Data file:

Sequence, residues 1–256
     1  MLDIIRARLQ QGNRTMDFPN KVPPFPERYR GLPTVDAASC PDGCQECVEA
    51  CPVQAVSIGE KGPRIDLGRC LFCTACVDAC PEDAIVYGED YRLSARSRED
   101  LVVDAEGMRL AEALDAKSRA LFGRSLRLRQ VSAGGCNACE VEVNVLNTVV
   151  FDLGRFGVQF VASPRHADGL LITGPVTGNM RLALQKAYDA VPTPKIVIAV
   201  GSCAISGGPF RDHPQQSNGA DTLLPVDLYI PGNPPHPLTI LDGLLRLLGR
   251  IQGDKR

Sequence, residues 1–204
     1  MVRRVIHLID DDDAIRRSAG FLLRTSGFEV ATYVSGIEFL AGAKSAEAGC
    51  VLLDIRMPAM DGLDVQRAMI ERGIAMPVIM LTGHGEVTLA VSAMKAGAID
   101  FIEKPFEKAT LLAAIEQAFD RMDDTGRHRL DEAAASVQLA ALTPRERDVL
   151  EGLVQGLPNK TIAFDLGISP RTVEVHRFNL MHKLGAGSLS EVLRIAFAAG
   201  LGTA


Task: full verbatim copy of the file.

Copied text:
Sequence, residues 1–256
     1  MLDIIRARLQ QGNRTMDFPN KVPPFPERYR GLPTVDAASC PDGCQECVEA
    51  CPVQAVSIGE KGPRIDLGRC LFCTACVDAC PEDAIVYGED YRLSARSRED
   101  LVVDAEGMRL AEALDAKSRA LFGRSLRLRQ VSAGGCNACE VEVNVLNTVV
   151  FDLGRFGVQF VASPRHADGL LITGPVTGNM RLALQKAYDA VPTPKIVIAV
   201  GSCAISGGPF RDHPQQSNGA DTLLPVDLYI PGNPPHPLTI LDGLLRLLGR
   251  IQGDKR

Sequence, residues 1–204
     1  MVRRVIHLID DDDAIRRSAG FLLRTSGFEV ATYVSGIEFL AGAKSAEAGC
    51  VLLDIRMPAM DGLDVQRAMI ERGIAMPVIM LTGHGEVTLA VSAMKAGAID
   101  FIEKPFEKAT LLAAIEQAFD RMDDTGRHRL DEAAASVQLA ALTPRERDVL
   151  EGLVQGLPNK TIAFDLGISP RTVEVHRFNL MHKLGAGSLS EVLRIAFAAG
   201  LGTA